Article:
Plaintiff also argues that acceleration of the debt would be proper under the doctrine of anticipatory breach. However, in order to invoke the doctrine, it must be demonstrated that a party to a contract unequivocally declared the intent not to perform. Stoddard v Manufacturers Nat'l Bank of Grand Rapids, 234 Mich. App. 140, 163; 593 N.W.2d 630 (1999). In this case, plaintiff only offers a letter written by defendants' attorney as evidence of defendants' intent not to perform. The letter, written the day after the proper payee was determined, contains the following statement: "I've discussed this matter with my client and we anticipate that we will be in a position to make some sort of proposal with respect to this obligation early next week." This statement is not an unequivocal declaration of an intent to refuse to perform; therefore, it does not constitute an anticipatory breach.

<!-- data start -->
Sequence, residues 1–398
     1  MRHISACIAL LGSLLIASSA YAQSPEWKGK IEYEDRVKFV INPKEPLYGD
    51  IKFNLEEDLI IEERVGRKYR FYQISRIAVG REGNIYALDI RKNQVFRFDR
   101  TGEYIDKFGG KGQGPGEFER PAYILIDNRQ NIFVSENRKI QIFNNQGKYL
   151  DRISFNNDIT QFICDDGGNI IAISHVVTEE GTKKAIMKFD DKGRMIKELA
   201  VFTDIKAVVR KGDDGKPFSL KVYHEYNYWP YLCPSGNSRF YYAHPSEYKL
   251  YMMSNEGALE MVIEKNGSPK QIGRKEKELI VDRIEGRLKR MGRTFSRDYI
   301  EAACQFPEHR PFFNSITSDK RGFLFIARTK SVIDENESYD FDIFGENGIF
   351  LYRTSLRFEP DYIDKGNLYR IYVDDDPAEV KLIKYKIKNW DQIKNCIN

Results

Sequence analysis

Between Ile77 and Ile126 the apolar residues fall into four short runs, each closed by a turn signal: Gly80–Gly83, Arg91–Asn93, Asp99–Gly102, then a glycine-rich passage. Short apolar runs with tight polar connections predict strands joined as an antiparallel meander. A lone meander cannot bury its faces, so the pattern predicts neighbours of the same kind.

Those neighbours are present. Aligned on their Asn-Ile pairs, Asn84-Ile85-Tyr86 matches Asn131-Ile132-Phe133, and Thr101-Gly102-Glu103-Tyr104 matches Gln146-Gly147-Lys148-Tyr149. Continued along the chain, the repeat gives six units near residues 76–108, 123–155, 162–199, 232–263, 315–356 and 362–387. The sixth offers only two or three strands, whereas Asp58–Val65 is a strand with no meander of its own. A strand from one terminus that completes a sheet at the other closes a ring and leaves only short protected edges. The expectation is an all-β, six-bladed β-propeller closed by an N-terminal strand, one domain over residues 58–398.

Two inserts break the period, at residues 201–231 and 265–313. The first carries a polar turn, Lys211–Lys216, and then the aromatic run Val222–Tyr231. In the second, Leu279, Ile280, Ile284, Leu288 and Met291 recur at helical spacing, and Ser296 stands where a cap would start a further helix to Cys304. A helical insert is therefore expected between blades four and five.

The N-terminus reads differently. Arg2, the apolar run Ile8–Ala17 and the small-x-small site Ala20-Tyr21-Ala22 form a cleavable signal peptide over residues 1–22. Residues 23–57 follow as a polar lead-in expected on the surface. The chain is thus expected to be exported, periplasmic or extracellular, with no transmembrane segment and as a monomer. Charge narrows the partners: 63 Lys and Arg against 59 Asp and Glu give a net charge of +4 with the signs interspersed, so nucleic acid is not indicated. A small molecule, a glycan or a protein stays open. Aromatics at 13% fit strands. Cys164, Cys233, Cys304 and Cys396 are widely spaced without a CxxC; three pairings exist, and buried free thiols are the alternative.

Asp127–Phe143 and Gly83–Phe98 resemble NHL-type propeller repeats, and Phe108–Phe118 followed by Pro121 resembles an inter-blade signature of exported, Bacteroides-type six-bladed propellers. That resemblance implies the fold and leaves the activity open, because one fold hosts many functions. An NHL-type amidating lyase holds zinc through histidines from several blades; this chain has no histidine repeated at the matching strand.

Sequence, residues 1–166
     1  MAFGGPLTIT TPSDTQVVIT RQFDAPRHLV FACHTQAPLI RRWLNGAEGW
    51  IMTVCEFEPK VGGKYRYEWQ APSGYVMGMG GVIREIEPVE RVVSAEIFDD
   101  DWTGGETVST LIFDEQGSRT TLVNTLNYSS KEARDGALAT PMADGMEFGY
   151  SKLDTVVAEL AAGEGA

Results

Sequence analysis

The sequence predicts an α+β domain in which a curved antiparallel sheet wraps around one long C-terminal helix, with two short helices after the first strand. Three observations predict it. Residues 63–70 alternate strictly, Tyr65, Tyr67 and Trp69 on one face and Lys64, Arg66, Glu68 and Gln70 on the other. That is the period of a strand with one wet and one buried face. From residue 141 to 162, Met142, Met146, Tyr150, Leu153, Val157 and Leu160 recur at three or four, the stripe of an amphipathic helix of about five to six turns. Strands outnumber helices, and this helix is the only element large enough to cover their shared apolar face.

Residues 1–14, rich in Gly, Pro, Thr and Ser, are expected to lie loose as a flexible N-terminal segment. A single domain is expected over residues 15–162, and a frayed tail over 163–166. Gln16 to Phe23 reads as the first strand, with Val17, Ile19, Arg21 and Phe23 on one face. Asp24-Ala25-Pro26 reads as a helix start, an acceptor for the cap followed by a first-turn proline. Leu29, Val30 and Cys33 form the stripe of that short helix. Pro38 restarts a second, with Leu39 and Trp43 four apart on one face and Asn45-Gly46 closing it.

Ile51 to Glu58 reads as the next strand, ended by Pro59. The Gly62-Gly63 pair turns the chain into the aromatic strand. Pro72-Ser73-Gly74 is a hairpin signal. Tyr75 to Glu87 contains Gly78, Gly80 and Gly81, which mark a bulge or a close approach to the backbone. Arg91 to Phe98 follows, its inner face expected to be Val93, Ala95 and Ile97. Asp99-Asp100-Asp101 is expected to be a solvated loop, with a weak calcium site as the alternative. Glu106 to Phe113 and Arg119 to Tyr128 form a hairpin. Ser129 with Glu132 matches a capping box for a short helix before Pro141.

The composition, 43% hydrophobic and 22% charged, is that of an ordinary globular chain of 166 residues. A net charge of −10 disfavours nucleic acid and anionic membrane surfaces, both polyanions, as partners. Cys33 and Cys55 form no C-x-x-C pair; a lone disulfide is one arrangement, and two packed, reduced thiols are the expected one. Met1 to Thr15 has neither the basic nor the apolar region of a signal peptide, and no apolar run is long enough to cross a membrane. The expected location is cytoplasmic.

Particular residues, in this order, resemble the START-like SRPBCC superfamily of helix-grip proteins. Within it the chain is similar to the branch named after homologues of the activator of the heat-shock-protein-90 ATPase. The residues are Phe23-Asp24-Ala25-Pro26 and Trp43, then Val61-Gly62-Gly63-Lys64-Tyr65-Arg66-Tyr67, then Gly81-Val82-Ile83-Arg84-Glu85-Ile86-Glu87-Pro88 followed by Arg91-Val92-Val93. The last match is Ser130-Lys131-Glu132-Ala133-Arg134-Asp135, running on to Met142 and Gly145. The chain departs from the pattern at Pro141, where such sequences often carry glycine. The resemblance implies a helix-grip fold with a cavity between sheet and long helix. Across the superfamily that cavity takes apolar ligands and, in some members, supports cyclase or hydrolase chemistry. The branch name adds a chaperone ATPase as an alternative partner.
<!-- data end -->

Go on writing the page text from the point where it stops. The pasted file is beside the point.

On cross appeal, defendants argue that the trial court erred in refusing to award them attorney fees under MCL 438.32; MSA 19.15(2), because plaintiffs were seeking to enforce a usurious promissory note. MCL 438.32; MSA 19.15(2) provides as follows:
Any seller or lender or his assigns who enters into any contract or agreement which does not comply with the provisions of this act or charges interest in excess of that allowed by this act is barred from the recovery of any interest, any official fees, delinquency or collection charge, attorney fees or court costs and the borrower or buyer shall be entitled to recover his attorney fees and court costs from the seller, lender or assigns.
This statute is a forfeiture provision that is intended to penalize a lender attempting to enforce a usurious contract. Federal Deposit Ins Corp v Bergan, 210 Mich. App. 698, 705; 534 N.W.2d 250 (1995); Allan v M S Mortgage Co, 138 Mich. App. 28, 41; 359 N.W.2d 238 (1984).
The parties do not dispute that the promissory note charged a usurious interest rate. However, plaintiff argues that the statutory penalty does not apply because plaintiffs were not attempting to collect the usurious interest in the instant action. We conclude that whether a lender seeks to recover the usurious interest is not the dispositive issue; rather, the issue is whether the lender seeks to enforce the usurious contract itself.
The note charged ten percent interest, which exceeded the seven percent interest allowed under MCL 438.31; MSA 19.15(1).